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[02.21.2011 by Bridget Doyle]


 » The Top 30 Albums of 2010 - Fashionably, fabulously late, our favorite music (and believe me, there was a LOT) of 2010, the year that some have called the best year for music ever. And only some of those fools work here. Plenty of usual suspects, lots of ties and a few surprises that I won't spoil, including our unexpected #1.
[12.24.2010 by The LAS Staff]


 » Live: Surfer Blood/The Drums at Lincoln Hall, Chicago, IL - Remember when Weezer used to put together records that you could sing along to and rock out to? That's what Surfer Blood's show was like!
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Music Reviews

Screaming Females - Castle Talk
»Screaming Females
Castle Talk
Don Giovanni
Trent Reznor & Atticus Ross - The Social Network [Original Soundtrack]
»Trent Reznor & Atticus Ross
The Social Network [Original Soundtrack]
The Null Corporation
Deerhunter - Halcyon Digest
Halcyon Digest
No Age - Everything in Between
»No Age
Everything in Between
Sub Pop
Robyn - Body Talk Pt. 1/ Body Talk Pt. 2
Body Talk Pt. 1/ Body Talk Pt. 2
The Walkmen - Lisbon
»The Walkmen
Fat Possum
The Microphones

K Records

Rating: NR/10 ?

October 1, 2004
There was a point in rock music in the late 1980's and early 1990's where the method of 4-track recording, otherwise known as lo-fi, got big in its own little way, which I think had a lot to do with Lou Barlow and his work outside of Sebadoh. Work which I recall as sounding very immediate and honest. There was a certain level of tape-hiss that made a lo-fi recording sound so unique and personal. Beyond the sound, there was an aesthetic that went along with it from the album artwork to the difficulty of finding the lo-fi works of that time. Things are obviously different today. You can find just about any album with minimal hassle and most of the home recordings you will hear are done on such popular new computer-recording programs as ProTools, leaving them with a less than lo-fi sound.

For the brief span of time I spent listening the new album by The Microphones, I was taken back to the golden age of lo-fi, and the great part was that this album was recorded in a studio. "The Glow" Pt.2 was recorded at the infamous Calvin Johnson's infamous Dub Narcotic studio. Instead of relying on the hiss of the 4-track to give that perfect amount of eerie drone, the Microphones create a tight-knit mesh of atmospheric noise to float over their sometimes rock, almost folk/pop music. What you will hear is not always clear. The primary instruments are acoustic guitar, bass, drums, and keyboards, but the occasional horn section sneaks in.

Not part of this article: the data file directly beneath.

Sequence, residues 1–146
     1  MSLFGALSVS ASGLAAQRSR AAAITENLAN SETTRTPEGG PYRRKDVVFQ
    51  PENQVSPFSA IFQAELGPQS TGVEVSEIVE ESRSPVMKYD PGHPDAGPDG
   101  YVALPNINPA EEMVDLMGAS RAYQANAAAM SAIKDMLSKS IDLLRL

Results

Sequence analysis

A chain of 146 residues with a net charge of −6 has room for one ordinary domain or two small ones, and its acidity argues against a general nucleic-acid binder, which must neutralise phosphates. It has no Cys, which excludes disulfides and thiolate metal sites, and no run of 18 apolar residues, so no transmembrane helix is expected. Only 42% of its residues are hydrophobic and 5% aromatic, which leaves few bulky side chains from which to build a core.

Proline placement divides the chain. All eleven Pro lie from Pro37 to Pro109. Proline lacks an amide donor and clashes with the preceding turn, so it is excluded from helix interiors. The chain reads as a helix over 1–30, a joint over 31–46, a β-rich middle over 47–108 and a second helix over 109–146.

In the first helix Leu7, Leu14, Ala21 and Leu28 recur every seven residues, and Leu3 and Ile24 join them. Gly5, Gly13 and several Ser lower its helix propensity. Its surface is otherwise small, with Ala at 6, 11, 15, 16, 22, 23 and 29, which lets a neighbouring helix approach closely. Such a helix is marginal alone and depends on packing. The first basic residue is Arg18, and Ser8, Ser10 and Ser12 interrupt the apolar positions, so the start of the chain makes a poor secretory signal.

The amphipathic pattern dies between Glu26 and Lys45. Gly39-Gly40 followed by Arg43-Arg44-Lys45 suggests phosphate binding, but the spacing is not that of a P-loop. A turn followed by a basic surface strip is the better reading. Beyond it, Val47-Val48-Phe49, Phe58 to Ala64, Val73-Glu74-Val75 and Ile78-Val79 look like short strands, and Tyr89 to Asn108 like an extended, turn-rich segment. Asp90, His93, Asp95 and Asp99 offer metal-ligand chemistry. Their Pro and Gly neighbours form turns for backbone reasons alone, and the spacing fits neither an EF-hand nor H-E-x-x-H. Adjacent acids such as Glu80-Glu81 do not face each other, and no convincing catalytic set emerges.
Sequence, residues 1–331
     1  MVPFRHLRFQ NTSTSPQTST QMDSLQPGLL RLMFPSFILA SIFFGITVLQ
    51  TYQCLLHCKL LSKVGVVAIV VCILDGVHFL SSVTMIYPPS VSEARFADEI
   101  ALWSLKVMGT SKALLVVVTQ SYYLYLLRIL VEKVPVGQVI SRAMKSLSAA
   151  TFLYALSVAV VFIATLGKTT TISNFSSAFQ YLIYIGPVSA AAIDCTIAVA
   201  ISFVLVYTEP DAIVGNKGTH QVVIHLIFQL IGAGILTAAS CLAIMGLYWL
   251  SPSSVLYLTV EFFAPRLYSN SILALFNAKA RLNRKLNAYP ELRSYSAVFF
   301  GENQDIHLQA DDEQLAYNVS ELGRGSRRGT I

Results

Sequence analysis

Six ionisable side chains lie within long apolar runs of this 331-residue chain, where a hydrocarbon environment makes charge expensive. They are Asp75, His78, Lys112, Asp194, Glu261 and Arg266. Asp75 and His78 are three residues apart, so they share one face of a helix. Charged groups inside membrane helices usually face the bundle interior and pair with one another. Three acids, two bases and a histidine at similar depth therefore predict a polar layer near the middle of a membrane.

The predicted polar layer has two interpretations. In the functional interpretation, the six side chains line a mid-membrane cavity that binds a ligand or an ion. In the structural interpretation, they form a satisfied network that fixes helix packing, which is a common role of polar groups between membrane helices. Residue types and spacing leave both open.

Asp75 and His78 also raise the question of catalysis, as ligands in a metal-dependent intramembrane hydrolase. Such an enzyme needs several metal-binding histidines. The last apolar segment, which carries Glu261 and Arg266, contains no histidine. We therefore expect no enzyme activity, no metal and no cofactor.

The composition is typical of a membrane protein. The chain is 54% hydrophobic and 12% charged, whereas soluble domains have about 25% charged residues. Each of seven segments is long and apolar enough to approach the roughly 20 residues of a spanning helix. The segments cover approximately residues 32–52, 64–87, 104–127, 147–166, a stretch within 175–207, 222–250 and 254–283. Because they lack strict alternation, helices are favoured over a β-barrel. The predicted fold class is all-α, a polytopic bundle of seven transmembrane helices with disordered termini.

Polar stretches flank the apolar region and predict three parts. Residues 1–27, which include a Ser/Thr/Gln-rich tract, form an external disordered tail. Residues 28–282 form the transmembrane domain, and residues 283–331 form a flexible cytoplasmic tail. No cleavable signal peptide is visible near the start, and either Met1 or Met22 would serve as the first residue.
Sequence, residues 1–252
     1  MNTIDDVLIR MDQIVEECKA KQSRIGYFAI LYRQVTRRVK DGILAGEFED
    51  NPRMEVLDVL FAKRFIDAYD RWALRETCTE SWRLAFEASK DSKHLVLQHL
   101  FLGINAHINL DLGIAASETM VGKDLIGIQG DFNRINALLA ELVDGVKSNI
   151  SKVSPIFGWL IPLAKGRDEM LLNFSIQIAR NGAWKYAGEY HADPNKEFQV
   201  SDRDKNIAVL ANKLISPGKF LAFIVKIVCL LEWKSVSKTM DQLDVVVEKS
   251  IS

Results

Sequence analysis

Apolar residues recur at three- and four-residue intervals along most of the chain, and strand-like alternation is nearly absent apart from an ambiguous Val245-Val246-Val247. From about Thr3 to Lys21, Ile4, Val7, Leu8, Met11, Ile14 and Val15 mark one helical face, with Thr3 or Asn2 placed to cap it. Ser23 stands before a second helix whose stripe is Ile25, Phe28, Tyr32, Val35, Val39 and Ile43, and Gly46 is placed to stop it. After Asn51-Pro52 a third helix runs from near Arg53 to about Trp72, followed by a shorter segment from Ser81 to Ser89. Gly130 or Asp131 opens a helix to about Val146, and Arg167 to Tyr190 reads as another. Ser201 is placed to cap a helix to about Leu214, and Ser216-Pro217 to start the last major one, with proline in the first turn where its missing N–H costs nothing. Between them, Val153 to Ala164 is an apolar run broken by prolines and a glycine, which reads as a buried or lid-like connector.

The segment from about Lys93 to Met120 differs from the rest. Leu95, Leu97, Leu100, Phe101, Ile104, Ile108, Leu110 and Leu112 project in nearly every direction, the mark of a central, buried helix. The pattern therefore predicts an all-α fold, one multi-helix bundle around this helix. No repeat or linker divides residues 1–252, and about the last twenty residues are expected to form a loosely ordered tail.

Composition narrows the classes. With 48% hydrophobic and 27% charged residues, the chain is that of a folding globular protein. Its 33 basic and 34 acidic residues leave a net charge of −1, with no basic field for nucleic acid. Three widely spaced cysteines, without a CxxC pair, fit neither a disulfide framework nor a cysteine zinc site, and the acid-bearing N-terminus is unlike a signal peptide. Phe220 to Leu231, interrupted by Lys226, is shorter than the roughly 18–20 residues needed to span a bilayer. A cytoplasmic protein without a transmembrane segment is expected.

It's obvious that there is a theme behind this album from its title. The vocalist continually reverts back to images of nature, especially the change of seasons and all of it seems as if it were translated from a dream. He seems to be dwelling on the memories of each season in this dream and what he longed for and what was eventually bored of. This is a personal album and it is bursting at the seams with that lo-fi aesthetic that I had earlier mentioned. Clocking in at over 60 minutes, this album can sometimes lose your attention and it does get tedious in its repeated imagery and continual dreariness, but there are enough surprises to keep you interested. This is an album for staring out the window in the dead of winter and waiting for it to end. "The Glow" Pt. 2 keeps its beauty hidden underneath the drone, fuzz, and feedback, and once you are finished excavating for it you may find something that you never expected to see.

Reviewed by Gregg Evangelista
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